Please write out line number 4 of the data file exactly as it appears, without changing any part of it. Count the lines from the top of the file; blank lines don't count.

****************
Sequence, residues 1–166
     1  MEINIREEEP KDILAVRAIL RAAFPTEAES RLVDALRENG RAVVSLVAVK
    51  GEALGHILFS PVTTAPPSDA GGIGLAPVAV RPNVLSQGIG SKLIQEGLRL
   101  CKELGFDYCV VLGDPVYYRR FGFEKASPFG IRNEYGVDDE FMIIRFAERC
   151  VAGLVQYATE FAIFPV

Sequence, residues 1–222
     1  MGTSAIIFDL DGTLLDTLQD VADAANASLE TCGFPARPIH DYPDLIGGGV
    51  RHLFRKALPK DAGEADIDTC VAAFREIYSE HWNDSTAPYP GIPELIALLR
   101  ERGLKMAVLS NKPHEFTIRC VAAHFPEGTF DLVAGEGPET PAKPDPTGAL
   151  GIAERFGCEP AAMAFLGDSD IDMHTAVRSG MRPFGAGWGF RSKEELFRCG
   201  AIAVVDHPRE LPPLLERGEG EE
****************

   101  CKELGFDYCV VLGDPVYYRR FGFEKASPFG IRNEYGVDDE FMIIRFAERC